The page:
ID Management? What an interesting turn of phrase.
There are several ways in which one might reasonably view this remark, not least of which is within the context of the obsessive managerialism that has been the hallmark of New Labour – see Chris Dillow’s remarks here and then, in the absence of a search facility on his blog, search Google from references to ‘Blair’ and/or ‘New Labour’ and ‘managerialism’, which was surely turn up a fair amount of Chris’s other work. Also, this article by Phil Edwards on his new blog/collection of past writing ‘What I wrote’, is also well worth a look, not least as it dates from 1997.
Reid’s one-time communist proclivities, however, suggest another potentially fruitful line of inquiry, one both in keeping with his political background – and that of several other New Labour notables including Jack Straw, Charles Clarke and Peter Mandelson, all of whom were at one time members of communist groupings/organisations – and with New Labour’s dominant managerialist credo.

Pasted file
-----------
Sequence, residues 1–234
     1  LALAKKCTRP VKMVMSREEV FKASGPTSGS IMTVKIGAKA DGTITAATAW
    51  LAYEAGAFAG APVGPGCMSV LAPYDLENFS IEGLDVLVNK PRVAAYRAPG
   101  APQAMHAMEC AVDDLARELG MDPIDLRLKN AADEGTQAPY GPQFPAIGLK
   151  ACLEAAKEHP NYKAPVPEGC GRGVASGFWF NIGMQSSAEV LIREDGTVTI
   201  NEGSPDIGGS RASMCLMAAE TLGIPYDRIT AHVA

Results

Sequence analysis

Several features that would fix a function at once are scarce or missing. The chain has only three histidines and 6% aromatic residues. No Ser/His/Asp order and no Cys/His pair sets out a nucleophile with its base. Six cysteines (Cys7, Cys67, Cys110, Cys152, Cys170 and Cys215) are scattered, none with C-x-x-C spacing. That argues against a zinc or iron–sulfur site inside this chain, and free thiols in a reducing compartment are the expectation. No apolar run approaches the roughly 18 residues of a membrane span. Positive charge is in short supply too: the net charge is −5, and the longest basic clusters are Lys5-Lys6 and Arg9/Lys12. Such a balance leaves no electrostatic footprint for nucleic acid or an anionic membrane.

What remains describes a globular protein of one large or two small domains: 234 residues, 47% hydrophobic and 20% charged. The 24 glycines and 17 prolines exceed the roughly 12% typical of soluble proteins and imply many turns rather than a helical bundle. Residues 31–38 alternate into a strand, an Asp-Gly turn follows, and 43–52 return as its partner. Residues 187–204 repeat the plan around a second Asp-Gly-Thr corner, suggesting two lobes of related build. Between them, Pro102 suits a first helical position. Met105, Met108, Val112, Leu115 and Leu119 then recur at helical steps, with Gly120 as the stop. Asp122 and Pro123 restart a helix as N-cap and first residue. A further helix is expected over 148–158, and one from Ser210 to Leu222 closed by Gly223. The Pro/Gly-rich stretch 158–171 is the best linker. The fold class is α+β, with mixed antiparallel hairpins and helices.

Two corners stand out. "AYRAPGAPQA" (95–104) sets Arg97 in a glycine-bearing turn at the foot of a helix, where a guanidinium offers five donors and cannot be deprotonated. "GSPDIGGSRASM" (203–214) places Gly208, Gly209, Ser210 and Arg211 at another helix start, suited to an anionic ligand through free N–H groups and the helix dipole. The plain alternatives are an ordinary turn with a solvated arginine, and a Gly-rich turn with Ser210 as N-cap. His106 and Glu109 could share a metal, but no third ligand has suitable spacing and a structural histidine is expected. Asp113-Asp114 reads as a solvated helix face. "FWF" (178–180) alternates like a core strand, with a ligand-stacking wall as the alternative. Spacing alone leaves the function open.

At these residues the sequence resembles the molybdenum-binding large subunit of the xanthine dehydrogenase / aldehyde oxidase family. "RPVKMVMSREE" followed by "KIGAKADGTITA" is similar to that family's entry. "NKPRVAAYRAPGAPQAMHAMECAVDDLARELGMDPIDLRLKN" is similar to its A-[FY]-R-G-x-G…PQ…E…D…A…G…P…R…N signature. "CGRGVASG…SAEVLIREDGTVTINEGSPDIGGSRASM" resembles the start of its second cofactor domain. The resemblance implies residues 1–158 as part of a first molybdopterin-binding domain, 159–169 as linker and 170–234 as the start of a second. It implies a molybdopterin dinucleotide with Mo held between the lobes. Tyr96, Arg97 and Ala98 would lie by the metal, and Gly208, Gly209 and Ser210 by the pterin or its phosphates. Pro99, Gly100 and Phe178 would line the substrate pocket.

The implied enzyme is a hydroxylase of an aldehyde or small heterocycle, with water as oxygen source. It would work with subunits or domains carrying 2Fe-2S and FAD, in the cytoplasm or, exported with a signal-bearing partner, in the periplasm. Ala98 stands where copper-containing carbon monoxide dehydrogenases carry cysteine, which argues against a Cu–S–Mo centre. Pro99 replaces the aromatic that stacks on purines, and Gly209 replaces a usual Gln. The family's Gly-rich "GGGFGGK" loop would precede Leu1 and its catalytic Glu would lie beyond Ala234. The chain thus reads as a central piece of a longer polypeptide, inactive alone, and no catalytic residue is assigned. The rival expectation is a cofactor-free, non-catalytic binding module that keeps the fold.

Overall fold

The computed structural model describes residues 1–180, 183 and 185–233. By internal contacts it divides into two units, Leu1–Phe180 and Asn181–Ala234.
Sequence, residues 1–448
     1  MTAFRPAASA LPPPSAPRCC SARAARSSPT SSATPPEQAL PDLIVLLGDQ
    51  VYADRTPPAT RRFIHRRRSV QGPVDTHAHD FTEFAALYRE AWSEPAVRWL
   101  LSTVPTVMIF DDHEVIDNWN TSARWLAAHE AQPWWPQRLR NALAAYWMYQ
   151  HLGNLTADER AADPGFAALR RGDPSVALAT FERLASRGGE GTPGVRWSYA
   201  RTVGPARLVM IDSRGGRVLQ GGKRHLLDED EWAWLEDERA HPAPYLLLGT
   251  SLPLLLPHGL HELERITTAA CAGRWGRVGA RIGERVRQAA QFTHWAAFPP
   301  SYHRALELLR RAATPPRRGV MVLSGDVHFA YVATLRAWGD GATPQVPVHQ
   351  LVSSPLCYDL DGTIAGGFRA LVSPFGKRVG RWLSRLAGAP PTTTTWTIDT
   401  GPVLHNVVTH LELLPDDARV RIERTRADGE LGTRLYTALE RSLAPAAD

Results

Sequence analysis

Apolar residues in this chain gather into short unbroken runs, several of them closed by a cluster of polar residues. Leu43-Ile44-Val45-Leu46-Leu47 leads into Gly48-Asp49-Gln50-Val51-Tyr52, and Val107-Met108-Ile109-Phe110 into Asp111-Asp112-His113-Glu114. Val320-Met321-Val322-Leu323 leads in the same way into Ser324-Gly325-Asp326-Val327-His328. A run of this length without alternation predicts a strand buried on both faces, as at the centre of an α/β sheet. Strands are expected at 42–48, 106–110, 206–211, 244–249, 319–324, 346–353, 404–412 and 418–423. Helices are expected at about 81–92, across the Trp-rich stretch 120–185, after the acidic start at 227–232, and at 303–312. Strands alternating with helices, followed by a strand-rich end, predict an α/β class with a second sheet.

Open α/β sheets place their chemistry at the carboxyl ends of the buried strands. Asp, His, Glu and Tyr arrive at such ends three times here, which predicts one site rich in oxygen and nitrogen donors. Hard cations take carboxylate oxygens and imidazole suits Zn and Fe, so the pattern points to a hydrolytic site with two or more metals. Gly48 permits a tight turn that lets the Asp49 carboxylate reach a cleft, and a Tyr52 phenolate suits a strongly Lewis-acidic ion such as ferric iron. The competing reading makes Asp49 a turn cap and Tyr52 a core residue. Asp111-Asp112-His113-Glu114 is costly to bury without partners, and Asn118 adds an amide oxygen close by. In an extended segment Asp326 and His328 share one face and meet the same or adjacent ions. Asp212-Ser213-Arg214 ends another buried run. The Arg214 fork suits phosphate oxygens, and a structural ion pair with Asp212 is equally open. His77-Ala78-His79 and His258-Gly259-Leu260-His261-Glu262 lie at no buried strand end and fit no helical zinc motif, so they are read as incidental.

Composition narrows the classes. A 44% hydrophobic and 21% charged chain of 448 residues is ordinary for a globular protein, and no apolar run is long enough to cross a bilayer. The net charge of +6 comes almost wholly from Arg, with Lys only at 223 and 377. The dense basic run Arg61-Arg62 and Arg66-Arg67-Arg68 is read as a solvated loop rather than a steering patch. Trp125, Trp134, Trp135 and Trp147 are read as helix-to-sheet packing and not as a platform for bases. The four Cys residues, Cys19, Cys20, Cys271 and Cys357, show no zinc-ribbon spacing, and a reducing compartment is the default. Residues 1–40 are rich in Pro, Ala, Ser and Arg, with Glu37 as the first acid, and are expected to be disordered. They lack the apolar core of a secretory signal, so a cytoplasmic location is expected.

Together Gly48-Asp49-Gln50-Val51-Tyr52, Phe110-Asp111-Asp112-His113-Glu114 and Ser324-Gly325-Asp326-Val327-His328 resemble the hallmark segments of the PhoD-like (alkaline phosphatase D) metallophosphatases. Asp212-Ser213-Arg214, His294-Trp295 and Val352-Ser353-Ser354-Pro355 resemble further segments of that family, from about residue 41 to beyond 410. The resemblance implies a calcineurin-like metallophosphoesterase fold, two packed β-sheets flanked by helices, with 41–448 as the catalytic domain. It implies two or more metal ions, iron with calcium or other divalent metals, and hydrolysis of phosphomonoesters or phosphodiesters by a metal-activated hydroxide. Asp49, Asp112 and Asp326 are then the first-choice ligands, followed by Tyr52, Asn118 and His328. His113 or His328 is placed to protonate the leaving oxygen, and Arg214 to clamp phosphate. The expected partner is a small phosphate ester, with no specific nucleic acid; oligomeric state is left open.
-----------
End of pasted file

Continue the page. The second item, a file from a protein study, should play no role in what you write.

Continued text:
Although today most clearly associated with Marxism and the Communist view of the state and its inevitable demise in the wake of revolution and the establishment of the dictatorship of the proletariat, it was actually one of the founders of Positivism (and the first clearly identifiable socialist), Henri de Saint Simon, who advanced the maxim that the government of men would ultimately be replaced by the administration of things, a concept that Marx then appropriated in his own writings.